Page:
Free people

A Certain Way

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Our vocation is to go from place to place. This was how Jean-Claude Colin described the Marist enterprise when he presented his outline to Rome in 1833. It was one of the ideas that had fired the imaginations of the seminarians in Lyon in 1815. They had been impressed by the story of the life of St Francis Regis, a missionary who preached in the country areas of France.

The same phrase, “our vocation is to go from place to place”, appeared in the Constitutions which Colin wrote before his death, and it appears today in the Constitutions of the Marist Fathers.

“Our vocation is to go from place to place”. The statement implies a degree of freedom. Freedom from the things that may tie one down physically, in the first instance: freedom from possessions and from property and properties. But as well as that, freedom from the interior attitudes which make it difficult or impossible to move from place to place: freedom from the desire for comfort, or the desire to settle.

Being willing to go anywhere in the world means being willing to be not “at home” anywhere in the world. And so, being on mission means not settling down. It means being unsettled as a permanent attitude.

Colin’s understanding of the vows that Marists take reflects this.

Marists take the three vows of chastity, poverty and obedience not only so as to be like Christ, but in order to be “more effective instruments of mercy” for others. The vows are to free people to be on the move. And so there’s a sense of urgency in the statement.

Colin’s language was frequently spiced with this sense of urgency:

“We are on top of a volcano”, ‘Mary is sending you out in these hazy times”, “a minister of souls must burn with the desire to fly to the salvation of others and be impatient for the moment when he can race to their aid”.

Whenever Colin spoke of saints who could be patrons of the Society, he always spoke of people like Francis de Sales, Francis Xavier, Francis Regis: outstanding missionaries with deep concern for others, people who went to the boundaries and beyond for the sake fo the Gospel, and did so with a sense of urgency.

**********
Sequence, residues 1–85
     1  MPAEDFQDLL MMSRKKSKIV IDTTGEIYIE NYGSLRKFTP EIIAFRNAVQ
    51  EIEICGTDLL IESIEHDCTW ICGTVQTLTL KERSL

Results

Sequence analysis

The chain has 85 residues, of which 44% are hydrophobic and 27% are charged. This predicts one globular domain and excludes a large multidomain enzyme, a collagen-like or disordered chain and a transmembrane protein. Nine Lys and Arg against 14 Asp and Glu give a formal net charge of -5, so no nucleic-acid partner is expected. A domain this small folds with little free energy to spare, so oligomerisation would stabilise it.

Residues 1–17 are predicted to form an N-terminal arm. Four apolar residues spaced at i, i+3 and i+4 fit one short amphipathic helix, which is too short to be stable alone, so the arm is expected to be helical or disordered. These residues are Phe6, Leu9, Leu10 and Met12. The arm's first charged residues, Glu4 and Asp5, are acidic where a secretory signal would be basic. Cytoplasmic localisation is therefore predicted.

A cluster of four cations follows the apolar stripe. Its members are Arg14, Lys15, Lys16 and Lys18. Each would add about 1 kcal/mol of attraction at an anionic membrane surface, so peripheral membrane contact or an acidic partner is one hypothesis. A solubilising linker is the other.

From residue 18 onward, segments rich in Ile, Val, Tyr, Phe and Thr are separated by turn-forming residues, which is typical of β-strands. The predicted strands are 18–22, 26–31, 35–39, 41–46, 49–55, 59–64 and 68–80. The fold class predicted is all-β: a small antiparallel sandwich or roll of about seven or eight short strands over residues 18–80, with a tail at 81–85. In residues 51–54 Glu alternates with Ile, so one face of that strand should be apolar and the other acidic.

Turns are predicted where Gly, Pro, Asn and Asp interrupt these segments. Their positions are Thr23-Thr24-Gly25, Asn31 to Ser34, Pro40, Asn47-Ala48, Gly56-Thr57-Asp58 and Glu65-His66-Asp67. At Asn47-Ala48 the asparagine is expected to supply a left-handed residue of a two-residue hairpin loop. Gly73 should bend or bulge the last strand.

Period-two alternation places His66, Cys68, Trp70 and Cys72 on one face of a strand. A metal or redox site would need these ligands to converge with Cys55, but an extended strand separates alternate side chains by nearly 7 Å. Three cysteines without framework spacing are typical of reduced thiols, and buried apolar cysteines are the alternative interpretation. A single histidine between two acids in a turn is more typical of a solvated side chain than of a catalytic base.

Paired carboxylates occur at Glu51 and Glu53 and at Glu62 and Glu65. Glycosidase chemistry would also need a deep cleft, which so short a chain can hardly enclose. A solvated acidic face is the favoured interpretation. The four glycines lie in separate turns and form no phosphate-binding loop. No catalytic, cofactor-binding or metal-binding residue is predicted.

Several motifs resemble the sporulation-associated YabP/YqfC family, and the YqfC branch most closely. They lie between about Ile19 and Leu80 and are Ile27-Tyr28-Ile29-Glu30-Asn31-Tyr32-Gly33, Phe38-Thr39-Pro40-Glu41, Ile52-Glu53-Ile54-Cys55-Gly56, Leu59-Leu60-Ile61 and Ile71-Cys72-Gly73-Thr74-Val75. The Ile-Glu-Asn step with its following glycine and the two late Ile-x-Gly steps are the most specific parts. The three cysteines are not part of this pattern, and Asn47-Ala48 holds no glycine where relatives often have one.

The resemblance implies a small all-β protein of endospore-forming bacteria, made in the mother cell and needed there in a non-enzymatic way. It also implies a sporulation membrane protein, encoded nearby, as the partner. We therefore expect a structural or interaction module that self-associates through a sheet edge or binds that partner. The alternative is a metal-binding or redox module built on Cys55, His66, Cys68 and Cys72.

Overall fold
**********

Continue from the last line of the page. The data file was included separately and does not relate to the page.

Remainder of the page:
“Our vocation is to go from place to place”.¬†The sense of urgent action for the sake of those on the margins is essential to the Marist enterprise.

The Mayet Memoirs

Father Colin spoke at he College in Belley: “Gentlemen, I will tell you something of my secret, and how I go about choosing men for foreign missions, when the time comes. If I notice a certain impetuosity in those who apply, a certain over-keenness, they are not the ones I choose. If, on the other hand, I see in hem a desire that is calm and tranquil and humble, then I make my choice. And yet, if God wishes to make use of us, we must take courage, we must not be faint-healted; that is not what pleases God. The faint-hearted vill not accomplish great things for God, ‘I can do all things in Him who strengthens ne. ‘” (Phil. 4: 13)

– February 6, 1842

The fundamentals of the Society

In 1846 Mayet noted in his journal what he called a “very remarkable incident”. During a Council meeting, an interchange took place between Father Colin and Father Etienne Terraillon.

Terraillon was one of the group of seminarians who had been in on the Marist project from the beginning. He would have known the mind of Jean-Claude Colin. Mayet took care to note that Terraillon was “one of the oldest members of the Society…. An otherwise admirable man…. An extremely virtuous man”.

But in another place he did comment that Teraillon “having been too long a parish priest, had not understood the spirit of the Society, and it was that which Father Colin found hard to put up with”.